By ZEYNEP BILGINSOY and SUZAN FRASER
ISTANBUL (AP) — The Turkish fiancee of slain journalist Jamal Khashoggi has called on President Donald Trump and other leaders to ensure that his death in Istanbul is not covered up, while Saudi Arabia's top prosecutor on Tuesday visited the Saudi Consulate where officials from his government killed the writer.
Speaking at a memorial in London on Monday, Hatice Cengiz expressed disappointment in the "leadership of many countries." Singling out Trump, she urged him to "help reveal the truth and ensure justice be served."
"He should not pave the way for a cover-up of my fiance's murder. Let's not let money taint our conscience and compromise our values," she said.
Cengiz also told the memorial that she wishes she had entered the consulate instead of Khashoggi, a Washington Post columnist who had written critically of Saudi Arabia's crown prince.
Khashoggi vanished after entering the consulate in Istanbul on Oct. 2 to pick up paperwork for his upcoming marriage with Cengiz, who was waiting for him outside.
Turkey alleges a Saudi hit squad from Saudi Arabia traveled to Istanbul to kill the journalist and then tried to cover it up. Under mounting pressure, Saudi Arabia changed its narrative about Khashoggi's killing several times, eventually admitting that Khashoggi died inside the consulate and only recently acknowledging that Turkish evidence shows his killing was premeditated.
In an interview with ABC News, Cengiz said Khashoggi had been worried about being spirited back to Saudi Arabia the first time he went to the consulate unannounced on Sept. 28, but was pleasantly surprised when he received a warm reception.
"Naturally, after the first positive visit we had no reasons to think that there would be any sort of danger," Cengiz told ABC. "Our second visit was full of hope and it was the last step to our union."
She said during the memorial: "If only I knew that would be the last time I would see my Jamal, his smile, hear his laughter, I would have stood in front of that murderous team myself."
Cengiz last week declined an invitation by the White House, criticizing Trump's statements on Khashoggi's killing.
Saudi Arabia's top prosecutor, Saud al-Mojeb, arrived at Istanbul's main courthouse Tuesday for more talks with Istanbul's chief public prosecutor, Irfan Fidan, on the investigation into the killing, Turkey's state-run Anadolu Agency reported. The two had met for an hour and 15 minutes on Monday as part of an agreement between Riyadh and Ankara for cooperation over the investigation.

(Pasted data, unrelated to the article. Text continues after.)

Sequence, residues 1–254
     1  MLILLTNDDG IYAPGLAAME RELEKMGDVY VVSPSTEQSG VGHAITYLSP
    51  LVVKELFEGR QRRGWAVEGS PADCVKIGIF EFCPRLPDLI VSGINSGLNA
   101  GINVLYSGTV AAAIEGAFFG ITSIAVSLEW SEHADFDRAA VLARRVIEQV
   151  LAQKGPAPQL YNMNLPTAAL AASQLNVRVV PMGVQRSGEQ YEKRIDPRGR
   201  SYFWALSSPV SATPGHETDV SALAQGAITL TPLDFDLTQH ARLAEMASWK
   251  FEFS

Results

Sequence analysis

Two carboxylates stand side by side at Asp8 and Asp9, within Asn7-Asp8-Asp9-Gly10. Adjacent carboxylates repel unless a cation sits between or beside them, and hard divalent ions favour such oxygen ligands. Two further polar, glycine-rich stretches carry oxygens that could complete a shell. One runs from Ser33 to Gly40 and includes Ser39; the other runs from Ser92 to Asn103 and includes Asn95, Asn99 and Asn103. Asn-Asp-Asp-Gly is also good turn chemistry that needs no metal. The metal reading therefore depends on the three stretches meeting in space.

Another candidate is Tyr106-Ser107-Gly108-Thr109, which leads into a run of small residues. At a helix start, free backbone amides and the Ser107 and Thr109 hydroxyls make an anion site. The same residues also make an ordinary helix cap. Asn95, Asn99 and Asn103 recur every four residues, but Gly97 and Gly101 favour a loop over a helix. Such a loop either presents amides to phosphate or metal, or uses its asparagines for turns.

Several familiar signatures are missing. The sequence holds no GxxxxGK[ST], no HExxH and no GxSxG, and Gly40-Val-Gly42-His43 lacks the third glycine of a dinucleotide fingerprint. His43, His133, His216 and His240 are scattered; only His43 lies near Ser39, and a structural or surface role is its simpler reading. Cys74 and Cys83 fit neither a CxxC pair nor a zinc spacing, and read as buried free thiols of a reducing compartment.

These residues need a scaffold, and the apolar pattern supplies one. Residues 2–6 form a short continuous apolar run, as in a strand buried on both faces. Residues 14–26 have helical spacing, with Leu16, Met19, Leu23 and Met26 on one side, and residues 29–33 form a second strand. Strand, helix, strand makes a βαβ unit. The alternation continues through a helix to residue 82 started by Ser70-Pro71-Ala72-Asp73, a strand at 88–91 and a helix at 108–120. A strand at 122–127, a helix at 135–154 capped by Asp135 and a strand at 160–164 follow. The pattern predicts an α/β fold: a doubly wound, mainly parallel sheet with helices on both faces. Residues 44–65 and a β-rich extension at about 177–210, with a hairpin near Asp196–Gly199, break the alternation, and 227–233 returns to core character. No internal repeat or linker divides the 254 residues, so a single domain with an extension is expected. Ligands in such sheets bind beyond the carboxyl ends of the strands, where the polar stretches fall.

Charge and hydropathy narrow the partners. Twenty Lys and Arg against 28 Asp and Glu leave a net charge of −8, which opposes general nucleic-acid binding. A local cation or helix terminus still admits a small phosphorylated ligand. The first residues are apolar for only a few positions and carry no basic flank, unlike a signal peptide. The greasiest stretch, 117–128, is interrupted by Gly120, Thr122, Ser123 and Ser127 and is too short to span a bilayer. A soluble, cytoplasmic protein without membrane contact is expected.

Al-Mojeb then went to the consulate and left after spending a little over an hour there.
Turkish President Recep Tayyip Erdogan said the investigation needs to be completed swiftly.
"This needs to be solved now; there is no point in excuses," Erdogan told journalists.
Erdogan said the prosecutor repeated to his Saudi counterpart Turkey's extradition request for 18 suspects detained in Saudi Arabia for the killing to be put on trial in Istanbul. Fidan asked al-Mojeb to reveal who sent this group, according to the president.
The country is also asking Saudi Arabia to help locate Khashoggi's body, which still has not been found. Erdogan said Riyadh must disclose the identity of an alleged local collaborator said to have been involved in disposing Khashoggi's body.
The U.N. human rights chief, Michelle Bachelet, also urged Saudi Arabia to reveal the location of the writer's remains.
In her strongest public comments yet on the subject, she said international experts should have complete access to evidence and witnesses.
She added: "I urge the Saudi authorities to reveal the whereabouts of his body without further delay or prevarication."
Saudi Foreign Minister Adel al-Jubeir has said the kingdom will try the perpetrators and bring them to justice after the investigation is completed.
Fraser reported from Ankara, Turkey. Mehmet Guzel in Istanbul contributed.
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